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FX Engineer
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« Reply #5 on: Jan 19, 2010, 01:43 »

In the end I am going with the Engineering Management.  I would have preferred MSEE, but some of the extra classes I need to take are only available during the day and I could not fit them into my work schedule.  I did three years of traditional BSEE prior to joining the Navy so I had all the calculus, physics, chemistry, labs,and SOME theory type courses.  What I was missing was an Electromagneticsand System and Signal Analysis course.

--FX
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rockchalk99
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« Reply #6 on: Jan 20, 2010, 08:34 »

FXEngineer is the FX a reference to currency trade? Just wondering.

Anyhow, back on topic. FX if you're that close to completing a BSEE, and you're close enough to a major university that has an engineering program, you may be able to work something out in order to complete the BSEE. Most undergraduate engineering schools are pretty rigid in regards to class schedules and whatnot, because the vast majority of their students are traditional college kid types. If you plan to do a masters in engineering I think you'd have an even better shot of getting special consideration in order to complete the BS degree. Either way it might be worth checking into.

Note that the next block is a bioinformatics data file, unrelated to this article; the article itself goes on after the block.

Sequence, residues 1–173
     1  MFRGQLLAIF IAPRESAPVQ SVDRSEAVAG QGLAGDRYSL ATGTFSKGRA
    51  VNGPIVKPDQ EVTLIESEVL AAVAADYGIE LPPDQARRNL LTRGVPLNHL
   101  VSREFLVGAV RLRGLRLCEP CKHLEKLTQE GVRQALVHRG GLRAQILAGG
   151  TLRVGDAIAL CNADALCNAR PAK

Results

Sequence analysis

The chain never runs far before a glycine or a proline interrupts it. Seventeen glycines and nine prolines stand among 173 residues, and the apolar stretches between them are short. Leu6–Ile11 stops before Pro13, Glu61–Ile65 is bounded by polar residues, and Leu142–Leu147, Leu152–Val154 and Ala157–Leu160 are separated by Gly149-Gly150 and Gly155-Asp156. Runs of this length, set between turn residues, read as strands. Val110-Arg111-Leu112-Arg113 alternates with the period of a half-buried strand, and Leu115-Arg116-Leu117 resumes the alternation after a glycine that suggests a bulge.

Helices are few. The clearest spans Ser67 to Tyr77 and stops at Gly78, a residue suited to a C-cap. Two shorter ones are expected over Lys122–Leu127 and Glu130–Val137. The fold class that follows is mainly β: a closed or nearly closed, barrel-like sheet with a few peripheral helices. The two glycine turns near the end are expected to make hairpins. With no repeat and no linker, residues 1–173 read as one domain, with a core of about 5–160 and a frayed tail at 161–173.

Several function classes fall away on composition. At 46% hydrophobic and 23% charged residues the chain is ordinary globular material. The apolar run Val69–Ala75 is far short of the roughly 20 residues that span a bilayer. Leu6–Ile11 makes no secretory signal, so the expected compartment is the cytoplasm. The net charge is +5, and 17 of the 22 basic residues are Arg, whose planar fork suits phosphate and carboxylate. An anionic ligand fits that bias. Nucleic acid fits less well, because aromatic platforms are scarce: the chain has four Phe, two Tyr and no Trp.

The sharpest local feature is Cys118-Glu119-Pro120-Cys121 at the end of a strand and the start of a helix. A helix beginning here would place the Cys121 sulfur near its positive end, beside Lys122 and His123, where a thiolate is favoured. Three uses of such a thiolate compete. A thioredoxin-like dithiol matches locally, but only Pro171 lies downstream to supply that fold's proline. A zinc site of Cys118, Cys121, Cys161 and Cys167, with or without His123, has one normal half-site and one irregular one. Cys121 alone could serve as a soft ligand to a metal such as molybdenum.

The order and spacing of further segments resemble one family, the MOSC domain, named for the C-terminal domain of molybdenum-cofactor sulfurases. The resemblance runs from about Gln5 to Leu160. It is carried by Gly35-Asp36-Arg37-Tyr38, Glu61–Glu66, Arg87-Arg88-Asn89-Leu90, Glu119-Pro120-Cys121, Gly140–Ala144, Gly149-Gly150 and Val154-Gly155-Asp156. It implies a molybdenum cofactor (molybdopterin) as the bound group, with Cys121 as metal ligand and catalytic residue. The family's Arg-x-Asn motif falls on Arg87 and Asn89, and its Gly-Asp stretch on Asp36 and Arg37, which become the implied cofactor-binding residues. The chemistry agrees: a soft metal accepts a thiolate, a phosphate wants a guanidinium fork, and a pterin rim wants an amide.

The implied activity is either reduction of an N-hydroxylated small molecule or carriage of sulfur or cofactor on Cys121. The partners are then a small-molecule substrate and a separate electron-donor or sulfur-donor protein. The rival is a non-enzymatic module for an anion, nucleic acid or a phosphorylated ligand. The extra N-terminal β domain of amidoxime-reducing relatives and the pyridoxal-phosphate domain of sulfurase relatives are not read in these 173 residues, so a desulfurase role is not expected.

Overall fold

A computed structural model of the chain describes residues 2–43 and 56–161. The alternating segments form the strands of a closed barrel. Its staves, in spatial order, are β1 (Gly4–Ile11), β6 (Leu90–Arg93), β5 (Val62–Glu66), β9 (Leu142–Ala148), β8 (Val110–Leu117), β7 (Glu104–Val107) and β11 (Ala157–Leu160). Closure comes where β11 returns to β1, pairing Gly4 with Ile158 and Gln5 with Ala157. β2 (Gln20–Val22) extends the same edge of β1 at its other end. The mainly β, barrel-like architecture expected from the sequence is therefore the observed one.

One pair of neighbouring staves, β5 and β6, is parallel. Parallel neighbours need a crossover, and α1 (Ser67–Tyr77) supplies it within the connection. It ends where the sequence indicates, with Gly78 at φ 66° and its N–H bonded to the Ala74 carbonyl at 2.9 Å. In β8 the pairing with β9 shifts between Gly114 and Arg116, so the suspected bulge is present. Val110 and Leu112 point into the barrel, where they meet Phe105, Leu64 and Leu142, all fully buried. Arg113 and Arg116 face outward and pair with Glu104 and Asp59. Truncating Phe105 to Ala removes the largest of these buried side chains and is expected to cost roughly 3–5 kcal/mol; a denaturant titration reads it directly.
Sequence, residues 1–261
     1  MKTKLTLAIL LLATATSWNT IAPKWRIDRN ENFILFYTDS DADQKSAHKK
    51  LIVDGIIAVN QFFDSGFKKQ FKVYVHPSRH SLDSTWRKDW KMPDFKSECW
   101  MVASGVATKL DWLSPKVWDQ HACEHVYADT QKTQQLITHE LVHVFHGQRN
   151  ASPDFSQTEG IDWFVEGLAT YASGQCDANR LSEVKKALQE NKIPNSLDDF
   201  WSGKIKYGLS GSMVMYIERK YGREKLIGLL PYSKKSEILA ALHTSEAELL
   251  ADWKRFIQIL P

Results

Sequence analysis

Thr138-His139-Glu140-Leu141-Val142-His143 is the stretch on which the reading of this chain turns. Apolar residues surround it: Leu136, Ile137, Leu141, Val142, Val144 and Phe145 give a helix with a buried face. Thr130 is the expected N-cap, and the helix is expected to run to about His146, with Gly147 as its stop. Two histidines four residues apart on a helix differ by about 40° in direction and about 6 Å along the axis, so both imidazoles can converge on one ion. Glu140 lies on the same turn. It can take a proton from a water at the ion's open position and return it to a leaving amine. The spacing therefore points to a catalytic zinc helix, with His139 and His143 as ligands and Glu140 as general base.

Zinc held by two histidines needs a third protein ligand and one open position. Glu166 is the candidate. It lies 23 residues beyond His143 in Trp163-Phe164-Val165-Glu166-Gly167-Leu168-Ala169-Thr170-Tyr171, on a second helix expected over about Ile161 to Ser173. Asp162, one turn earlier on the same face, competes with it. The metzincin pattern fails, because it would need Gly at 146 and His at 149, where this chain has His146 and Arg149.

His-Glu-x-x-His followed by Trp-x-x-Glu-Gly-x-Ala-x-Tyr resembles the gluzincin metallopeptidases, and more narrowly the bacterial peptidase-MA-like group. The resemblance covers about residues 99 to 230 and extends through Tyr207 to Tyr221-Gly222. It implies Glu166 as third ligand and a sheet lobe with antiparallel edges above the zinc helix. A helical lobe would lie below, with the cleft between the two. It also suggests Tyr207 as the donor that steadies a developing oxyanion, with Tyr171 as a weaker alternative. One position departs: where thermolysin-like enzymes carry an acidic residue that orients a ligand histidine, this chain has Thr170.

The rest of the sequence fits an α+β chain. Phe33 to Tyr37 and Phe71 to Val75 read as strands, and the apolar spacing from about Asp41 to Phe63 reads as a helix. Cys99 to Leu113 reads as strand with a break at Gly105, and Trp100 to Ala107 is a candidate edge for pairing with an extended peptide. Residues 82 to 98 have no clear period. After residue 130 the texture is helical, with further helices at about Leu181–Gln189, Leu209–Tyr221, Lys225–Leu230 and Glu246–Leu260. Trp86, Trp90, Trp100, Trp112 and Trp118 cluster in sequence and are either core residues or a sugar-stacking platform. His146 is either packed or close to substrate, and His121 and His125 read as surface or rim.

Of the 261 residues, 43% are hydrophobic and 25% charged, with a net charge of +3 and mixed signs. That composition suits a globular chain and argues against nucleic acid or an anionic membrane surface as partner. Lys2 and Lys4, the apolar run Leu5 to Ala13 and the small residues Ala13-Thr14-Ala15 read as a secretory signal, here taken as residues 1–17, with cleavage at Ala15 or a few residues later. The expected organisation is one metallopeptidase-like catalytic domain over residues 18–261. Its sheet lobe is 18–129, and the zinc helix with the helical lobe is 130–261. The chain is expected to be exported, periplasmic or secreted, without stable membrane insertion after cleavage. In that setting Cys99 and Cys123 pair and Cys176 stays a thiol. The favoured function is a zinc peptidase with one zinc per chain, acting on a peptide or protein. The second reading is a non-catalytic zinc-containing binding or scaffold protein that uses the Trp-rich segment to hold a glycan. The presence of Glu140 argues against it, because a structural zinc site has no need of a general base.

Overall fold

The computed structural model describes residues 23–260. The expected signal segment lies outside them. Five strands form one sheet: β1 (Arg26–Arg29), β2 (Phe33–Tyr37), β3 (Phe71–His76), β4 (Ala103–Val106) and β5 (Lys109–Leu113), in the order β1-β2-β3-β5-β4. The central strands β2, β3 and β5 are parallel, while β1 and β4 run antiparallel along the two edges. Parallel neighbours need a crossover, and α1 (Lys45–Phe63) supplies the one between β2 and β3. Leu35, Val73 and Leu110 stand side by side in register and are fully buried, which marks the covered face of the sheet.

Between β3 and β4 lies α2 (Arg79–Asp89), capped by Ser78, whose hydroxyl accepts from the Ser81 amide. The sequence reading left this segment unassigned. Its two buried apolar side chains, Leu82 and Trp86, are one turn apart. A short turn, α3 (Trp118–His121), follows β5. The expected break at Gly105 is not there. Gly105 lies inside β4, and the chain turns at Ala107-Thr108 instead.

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Elrond116
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« Reply #7 on: Jan 24, 2010, 08:02 »

I'm researching my college options as well right now and ran across another website via Google that also discusses Eng and Eng Tech degrees, and I thought it might be useful for anyone else asking these questions...

http://www.coe.uncc.edu/prospective-students/engineering-professions.html#engr1

Also, here's ABET's site; probably the best place to look up accredations...

http://www.abet.org/AccredProgramSearch/AccreditationSearch.aspx
« Last Edit: Jan 24, 2010, 08:12 by Elrond116 » Logged
wstewart
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« Reply #8 on: Jan 28, 2010, 05:23 »

This may help answer your question... see the article on the Excelsior program in the June '09 issue of Nuclear News  http://www.new.ans.org/pubs/magazines/nn/y_2009/m_6